By Angie Escalante
The system of putting certain students on pedestals while indirectly shaming others pits them against each other and is harmful.
Placing K-12 students in higher level courses is not really a “gift” at all–it’s a nightmare.
Education programs like the Gifted and Talented Education (GATE), Advanced Placement Program (AP) and International Baccalaureate (IB) are forced on students.
I grew up as a GATE, honors, AP and IB kid.
Being outcasted from fellow classmates because the school deemed me “intelligent” above the rest didn’t work in my favor, especially not for my young, developing mind.
I was pushed to do more. The teachers said that the curriculum they were teaching to our grade was too easy for me and I was placed in higher levels, separately.
I, along with a few other students in my elementary school were pulled out of class and into a separate classroom to learn something different. We sat on one side of the classroom and the teacher took turns teaching two different lessons to cater to us and everyone else. We were taken out of our grade level and placed into the grade above.
More often than not, I sat in the library or in classrooms during recess because my other classmates didn’t want to play with the “teacher’s pet.”
I was quickly characterized as, “smart,” “gifted” and a “nerd.”
Suddenly they weren’t just words. They were labels and they were tied to my identity.
It was overwhelming when people would without question describe me by those words.
I should’ve noticed it was too much when I received a “B” letter grade on a test—the result of not studying because my uncle had passed away—and sobbed more over the fact that I let myself slip. My peers grew resentful toward me due to constant comparison and idolization I received from teachers and parents.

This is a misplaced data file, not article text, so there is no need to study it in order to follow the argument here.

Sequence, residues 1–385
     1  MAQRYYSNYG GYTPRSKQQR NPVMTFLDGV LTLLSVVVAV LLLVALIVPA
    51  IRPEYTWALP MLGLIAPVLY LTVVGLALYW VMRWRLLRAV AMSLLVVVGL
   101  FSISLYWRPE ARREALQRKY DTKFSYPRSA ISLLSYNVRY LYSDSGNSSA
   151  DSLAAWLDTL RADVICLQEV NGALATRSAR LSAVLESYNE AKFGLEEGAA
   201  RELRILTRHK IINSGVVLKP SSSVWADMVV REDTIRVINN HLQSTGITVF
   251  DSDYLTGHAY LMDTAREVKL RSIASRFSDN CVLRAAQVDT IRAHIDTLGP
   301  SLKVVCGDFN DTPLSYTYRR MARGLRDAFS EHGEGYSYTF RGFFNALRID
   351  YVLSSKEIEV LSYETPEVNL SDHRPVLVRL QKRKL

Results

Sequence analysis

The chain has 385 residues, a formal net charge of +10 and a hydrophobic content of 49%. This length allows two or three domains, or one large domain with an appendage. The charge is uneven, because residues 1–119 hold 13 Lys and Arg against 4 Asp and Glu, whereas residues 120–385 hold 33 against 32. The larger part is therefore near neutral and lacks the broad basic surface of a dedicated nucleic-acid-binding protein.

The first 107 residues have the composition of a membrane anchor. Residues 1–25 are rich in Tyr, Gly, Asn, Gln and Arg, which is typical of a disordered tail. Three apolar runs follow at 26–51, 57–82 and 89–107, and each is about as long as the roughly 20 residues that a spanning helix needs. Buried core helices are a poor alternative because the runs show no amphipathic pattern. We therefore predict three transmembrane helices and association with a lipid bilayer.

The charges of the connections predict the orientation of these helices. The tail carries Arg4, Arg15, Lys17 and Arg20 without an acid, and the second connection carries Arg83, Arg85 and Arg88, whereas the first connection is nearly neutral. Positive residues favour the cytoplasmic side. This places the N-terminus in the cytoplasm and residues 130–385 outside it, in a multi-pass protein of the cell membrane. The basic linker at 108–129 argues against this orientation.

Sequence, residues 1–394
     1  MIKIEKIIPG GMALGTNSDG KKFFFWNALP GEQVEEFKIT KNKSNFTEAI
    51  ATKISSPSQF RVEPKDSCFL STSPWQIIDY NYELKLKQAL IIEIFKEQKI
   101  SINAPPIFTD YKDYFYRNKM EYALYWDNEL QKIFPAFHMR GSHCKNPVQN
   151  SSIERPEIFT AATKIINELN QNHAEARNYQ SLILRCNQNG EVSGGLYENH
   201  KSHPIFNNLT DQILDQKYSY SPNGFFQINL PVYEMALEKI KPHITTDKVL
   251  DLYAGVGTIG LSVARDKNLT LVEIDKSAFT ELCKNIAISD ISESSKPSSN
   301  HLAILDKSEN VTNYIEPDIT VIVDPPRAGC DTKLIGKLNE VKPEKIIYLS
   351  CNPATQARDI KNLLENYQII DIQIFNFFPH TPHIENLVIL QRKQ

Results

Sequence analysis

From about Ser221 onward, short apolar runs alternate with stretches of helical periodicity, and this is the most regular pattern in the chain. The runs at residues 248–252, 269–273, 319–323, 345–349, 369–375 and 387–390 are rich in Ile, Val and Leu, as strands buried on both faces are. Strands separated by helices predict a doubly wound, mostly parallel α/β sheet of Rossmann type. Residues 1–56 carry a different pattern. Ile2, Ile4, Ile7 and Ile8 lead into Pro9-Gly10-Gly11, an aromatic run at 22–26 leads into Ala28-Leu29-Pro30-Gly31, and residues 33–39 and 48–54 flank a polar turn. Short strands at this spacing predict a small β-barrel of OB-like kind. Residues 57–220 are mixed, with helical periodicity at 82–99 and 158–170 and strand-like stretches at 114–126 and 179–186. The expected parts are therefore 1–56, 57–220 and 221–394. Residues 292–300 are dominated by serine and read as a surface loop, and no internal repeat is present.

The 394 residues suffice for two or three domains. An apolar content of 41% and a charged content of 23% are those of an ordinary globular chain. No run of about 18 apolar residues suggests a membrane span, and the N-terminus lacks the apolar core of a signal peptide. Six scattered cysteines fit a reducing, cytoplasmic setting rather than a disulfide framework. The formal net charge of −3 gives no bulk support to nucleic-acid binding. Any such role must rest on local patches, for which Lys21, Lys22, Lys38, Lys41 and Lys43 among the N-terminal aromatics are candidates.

These were all indicators that it was all too much.
Learning felt forced and it was no longer something I loved. When I sacrificed basic human necessities like eating, sleeping and social interaction in favor of schoolwork, I should’ve been offered help over high demand classes.
While I experienced panic attacks along with auditory and visual hallucinations, my teachers were only concerned about my grades.
I didn’t realize what all the added pressure of being an avid student did to me until it was too late.
I wondered who I was my freshman year as I sat in my high school’s office waiting for the final signature required on my straight “F” report card to officially be dropped.
I didn’t recognize the person who opened a book but struggled to read the first sentence.
I didn’t know who the person locked away in her room was because, “Angie was going to do great things, Angie was going to graduate top of her class and Angie was going to get into top schools. Angie was gifted.”
I remember taking many extra classes, all the summers I spent studying and all the tutoring sessions I had to attend just to get back on track to graduate.
No top school was going to accept me considering how my high school journey turned out.
I still applied because I could not fathom that I had truly lost that part of me.
When I opened the rejection letters, I broke.
Every teacher I had made it seem like I was invincible. I had nothing to worry about because I was smart.
Not a single one of them prepared me for the possibility that perhaps I wasn’t invincible, that maybe I would reach a breaking point.
I did reach that point and there was nothing for me to grasp onto as I fell.
I was good at school but the school should not have taken advantage of that.
Schools, especially elementary grade, are supposed to nurture students. Teachers are supposed to help them grow, not force them. School should not have felt like a job for an 8-year-old. I should not have felt smothered by everyone’s expectations.
There is unrecognized sabotage behind the supposed opportunity to be educated at a higher level.
This doesn’t only apply to “gifted” kids who attach their worth to the letter on their test but also for the other kids who will lose motivation to even attempt something because they’ll never compare.
“If I’m not good at school, I’m not good at anything,” was something that was slowly hammered into my brain and it wasn’t fair.
I am more than my schoolwork.
Being smart is not my only quality.
It’s unfortunate I had to completely shatter before I figured that out.
Schools need to stop pressuring kids and I hope the new generation of “gifted,” kids don’t lose themselves before noticing it was all too much.